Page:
by Brian Jepson

I've got to get out of the house more. I had been working under the delusion that all the good stories about .NET are only available in the digital world. But sitting here in the Cranston, Rhode Island Borders Bookstore cafe flipping through the April issue of Linux Magazine, what do I see but a really interesting article on .NET that I can't find online.

Mark Mitchell's article, GCC.NET, covers the technical details of how you could enhance GCC to emit .NET IL. IL is roughly equivalent to Java's bytecode, although .NET does not execute instructions in a virtual machine (all IL is compiled to native code by a just-in-time compiler). Although it is listed in the online table of contents the article itself does not appear to be available online.

(updated: the article recently became available online)

This issue also has an interview with Dick Hardt of ActiveState in which the conversation turns to speculation about .NET on Linux.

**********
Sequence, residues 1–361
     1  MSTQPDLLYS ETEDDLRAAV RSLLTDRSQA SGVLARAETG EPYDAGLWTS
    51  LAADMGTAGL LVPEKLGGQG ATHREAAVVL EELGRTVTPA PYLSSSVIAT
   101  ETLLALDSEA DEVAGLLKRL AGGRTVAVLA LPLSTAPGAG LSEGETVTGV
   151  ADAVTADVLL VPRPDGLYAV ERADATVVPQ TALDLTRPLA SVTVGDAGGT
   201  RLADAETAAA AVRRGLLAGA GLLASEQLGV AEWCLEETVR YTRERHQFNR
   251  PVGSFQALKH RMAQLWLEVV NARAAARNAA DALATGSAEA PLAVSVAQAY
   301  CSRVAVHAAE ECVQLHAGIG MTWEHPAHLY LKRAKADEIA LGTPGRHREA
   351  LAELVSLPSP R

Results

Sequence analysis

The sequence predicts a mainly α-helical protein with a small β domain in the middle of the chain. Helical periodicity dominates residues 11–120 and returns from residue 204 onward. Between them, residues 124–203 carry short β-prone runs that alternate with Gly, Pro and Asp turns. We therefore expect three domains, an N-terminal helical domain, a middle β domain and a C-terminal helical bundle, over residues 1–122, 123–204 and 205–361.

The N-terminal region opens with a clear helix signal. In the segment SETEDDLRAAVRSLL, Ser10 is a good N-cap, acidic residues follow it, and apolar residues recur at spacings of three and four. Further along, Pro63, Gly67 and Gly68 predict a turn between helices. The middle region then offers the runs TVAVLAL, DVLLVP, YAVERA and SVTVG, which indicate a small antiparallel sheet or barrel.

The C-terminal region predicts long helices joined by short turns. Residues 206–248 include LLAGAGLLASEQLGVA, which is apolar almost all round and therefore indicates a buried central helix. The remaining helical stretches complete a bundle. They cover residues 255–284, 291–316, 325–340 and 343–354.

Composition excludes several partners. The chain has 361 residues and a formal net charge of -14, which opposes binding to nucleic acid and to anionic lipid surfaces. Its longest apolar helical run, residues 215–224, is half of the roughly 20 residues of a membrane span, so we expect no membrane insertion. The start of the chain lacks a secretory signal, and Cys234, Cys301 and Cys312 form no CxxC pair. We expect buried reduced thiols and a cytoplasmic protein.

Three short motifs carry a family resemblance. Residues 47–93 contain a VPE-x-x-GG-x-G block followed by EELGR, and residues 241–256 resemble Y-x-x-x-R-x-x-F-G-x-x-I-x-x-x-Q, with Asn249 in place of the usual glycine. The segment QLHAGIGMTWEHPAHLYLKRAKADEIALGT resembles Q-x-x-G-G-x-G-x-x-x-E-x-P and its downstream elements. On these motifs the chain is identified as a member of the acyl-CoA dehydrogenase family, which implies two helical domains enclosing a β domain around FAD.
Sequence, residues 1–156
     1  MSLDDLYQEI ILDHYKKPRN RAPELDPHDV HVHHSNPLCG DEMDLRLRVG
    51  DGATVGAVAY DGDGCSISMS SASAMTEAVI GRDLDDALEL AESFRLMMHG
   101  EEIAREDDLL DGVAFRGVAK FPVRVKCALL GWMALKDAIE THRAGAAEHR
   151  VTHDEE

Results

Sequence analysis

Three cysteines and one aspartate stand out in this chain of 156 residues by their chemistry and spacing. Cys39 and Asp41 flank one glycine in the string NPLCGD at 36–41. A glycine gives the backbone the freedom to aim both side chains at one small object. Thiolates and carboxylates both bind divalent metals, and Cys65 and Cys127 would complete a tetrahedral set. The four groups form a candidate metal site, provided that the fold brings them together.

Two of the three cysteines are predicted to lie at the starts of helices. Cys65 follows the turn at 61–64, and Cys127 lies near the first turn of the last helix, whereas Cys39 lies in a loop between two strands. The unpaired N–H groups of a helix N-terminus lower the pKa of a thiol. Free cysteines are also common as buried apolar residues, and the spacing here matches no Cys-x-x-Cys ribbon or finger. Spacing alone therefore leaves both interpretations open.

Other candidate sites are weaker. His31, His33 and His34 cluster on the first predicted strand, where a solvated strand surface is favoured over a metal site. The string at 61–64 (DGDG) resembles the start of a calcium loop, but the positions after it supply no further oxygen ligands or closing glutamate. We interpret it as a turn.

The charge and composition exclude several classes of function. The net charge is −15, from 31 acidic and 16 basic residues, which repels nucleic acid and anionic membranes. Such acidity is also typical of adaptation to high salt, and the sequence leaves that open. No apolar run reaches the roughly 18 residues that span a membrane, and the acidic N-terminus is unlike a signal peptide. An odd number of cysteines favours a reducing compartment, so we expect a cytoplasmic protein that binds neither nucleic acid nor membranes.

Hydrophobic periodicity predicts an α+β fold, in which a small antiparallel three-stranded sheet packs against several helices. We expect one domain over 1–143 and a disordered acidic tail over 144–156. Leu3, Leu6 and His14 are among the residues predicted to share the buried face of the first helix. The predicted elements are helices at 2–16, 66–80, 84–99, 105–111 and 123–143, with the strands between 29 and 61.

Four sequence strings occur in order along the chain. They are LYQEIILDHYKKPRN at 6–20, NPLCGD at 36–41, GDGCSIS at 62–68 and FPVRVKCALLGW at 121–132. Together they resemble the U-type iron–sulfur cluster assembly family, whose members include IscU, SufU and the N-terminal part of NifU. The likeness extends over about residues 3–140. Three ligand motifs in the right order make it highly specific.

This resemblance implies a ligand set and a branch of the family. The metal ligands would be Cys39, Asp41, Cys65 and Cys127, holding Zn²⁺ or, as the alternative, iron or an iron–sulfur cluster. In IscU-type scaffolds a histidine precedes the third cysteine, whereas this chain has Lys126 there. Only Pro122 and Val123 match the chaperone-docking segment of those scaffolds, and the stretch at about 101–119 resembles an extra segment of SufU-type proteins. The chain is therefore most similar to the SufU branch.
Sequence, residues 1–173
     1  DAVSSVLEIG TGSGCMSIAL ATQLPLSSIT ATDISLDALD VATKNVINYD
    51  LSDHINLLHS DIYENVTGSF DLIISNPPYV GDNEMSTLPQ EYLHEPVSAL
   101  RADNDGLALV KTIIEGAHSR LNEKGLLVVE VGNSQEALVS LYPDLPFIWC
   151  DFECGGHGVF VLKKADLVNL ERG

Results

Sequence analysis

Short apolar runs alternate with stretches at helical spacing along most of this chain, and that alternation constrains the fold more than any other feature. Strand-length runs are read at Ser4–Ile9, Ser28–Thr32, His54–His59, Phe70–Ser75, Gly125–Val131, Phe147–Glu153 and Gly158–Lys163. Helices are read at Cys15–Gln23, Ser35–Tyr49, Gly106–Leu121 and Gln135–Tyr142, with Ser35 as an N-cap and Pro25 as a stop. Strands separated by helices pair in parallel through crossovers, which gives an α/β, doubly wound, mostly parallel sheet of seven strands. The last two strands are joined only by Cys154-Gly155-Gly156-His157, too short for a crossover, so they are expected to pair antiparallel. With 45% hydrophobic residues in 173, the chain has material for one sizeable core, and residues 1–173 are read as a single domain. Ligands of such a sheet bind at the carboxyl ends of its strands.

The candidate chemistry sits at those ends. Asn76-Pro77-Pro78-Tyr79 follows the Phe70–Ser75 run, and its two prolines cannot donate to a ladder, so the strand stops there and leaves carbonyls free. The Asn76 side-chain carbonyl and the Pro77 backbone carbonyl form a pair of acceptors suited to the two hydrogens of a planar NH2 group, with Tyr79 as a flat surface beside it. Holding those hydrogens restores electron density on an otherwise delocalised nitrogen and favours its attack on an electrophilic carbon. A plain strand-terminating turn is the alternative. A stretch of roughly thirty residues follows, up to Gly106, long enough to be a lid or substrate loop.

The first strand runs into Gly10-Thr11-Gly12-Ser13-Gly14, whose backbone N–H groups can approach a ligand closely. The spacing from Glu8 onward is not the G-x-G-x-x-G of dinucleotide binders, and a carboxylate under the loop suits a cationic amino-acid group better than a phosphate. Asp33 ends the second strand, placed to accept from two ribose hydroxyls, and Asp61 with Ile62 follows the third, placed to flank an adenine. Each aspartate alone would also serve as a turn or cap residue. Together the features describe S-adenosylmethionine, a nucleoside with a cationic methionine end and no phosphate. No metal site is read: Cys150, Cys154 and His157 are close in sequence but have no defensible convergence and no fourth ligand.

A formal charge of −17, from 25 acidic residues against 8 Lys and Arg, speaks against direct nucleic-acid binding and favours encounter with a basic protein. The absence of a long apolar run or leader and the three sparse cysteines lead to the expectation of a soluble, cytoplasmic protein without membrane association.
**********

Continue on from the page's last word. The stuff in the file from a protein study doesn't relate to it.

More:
Speaking of .NET on Linux, I recently took a look at Portable .NET, a project to develop an open source runtime and C# compiler for .NET. This implementation, unlike Microsoft's implementation of .NET, relies on a virtual machine. It looks pretty nice - they have some working code (an implementation of ILDASM) as well as quite of bit of code that's a work-in-progress. What's more, the overall vision and design seems quite sound to me.